Introduction

The decorator design pattern is a structural pattern, that allow a user to add whatever features are required, dynamically, safely and in the easiest possible way,  without making any changes to the original code.

If we refer to SOLID principles, more precisely open-closed responsibility principle, classes should be open for extension but closed for modification. In other words, we should be able to add new behavior to existing classes but we will prevent any modification of existing code. This is exactly what decorator pattern does, so let’s take a look at pattern UML class  diagram below:"

UML class diagram

As you can notice the diagram has:

Component: its an interface or abstract class that describers behavior of concrete component as well as decorator.

ConcreteComponent: The actual object in which the new functionalities can be added dynamically.

Decorator: define all functionalities that can be added dynamically to the Concrete Component.

ConcreteDecorator1,2: decorator classes which hold the logic to decorate a given Component.

Example Implementation

Let's see an example implementing decorator pattern:

// Component
public interface Pizza {

	public String bakePizza();

}

// Concrete Component
public class BasicPizza implements Pizza {

	@Override
	public String bakePizza() {
		return "Basic Pizza";
	}

}

In the above example the Pizza class acts as the Component and BasicPizza is the concrete component which needs to be decorated.

Now as we have our pizza ,we'll  like to decorate it 😋

// Decorator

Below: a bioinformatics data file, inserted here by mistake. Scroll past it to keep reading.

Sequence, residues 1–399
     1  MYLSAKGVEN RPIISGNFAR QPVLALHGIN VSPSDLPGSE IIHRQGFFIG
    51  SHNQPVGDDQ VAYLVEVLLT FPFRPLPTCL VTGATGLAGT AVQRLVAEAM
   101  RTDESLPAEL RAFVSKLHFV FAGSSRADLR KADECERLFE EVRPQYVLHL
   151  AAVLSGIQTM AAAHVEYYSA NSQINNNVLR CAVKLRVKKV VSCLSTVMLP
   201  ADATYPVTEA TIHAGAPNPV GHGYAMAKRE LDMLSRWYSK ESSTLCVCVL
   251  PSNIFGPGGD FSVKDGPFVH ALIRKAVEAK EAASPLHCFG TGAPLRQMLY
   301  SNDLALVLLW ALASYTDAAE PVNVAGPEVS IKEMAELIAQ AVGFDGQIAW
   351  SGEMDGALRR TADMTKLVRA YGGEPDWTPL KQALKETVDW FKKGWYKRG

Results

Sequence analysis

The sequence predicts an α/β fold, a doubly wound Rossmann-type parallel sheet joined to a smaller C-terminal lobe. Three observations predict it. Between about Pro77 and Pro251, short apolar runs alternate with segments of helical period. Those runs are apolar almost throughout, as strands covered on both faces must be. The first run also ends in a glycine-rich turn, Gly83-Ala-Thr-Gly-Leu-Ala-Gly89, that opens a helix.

public abstract class PizzaDecorator implements Pizza {

	Pizza pizza;

	public PizzaDecorator(Pizza newPizza) {
		this.pizza = newPizza;
	}

	@Override
	public String bakePizza() {
		return pizza.bakePizza();
	}
}

The PizzaDecorator acts as a Decorator abstract class which contains a reference to the Pizza  class.

Finally, we can create as many custom decorators as we want.

lets create a few pizza decorators:

// ConcreteDecorator 1
public class ChickenPizza extends PizzaDecorator {

	public ChickenPizza(Pizza newPizza) {
		super(newPizza);
	}

	public String bakePizza() {
		return pizza.bakePizza() + " with Chicken topping added";
	}

}
// ConcreteDecorator 2
public class MincedMeatPizza extends PizzaDecorator {

	public MincedMeatPizza(Pizza newPizza) {
		super(newPizza);
	}

	public String bakePizza() {
		return pizza.bakePizza() + " with meat topping added";
	}
}

Client.java

public class Main {
	public static void main(String[] args) {
    
        //  decorating with ChickenPizza decorator
		Pizza pizza1 = new ChickenPizza(new BasicPizza());
        System.out.println(pizza1.bakePizza());
        
        // decorating with MincedMeatPizza decorator
        Pizza pizza2 = new MincedMeatPizza(new BasicPizza());
		System.out.println(pizza2.bakePizza());

	}
}

As we can see, we are now able to easily wrap the BasicPizza item in the way we want just by chaining the decorators.

Now your pizza is ready as you requested 😂 have a good meal.

Conclution:

In this article i attempted to demonstrate the benefits of using decorator pattern, and how it makes your code open for extension but closed for modification.

In Java, java.io package's most of the classes are implemented using this pattern,Once you understand this pattern very well, you will find it easy to understand package java.io in depth.

you can find more information about decorator in java.io in this article: https://stackoverflow.com/questions/6366385/use-cases-and-examples-of-gof-decorator-pattern-for-io

Hope you enjoyed this article and found it useful 😍.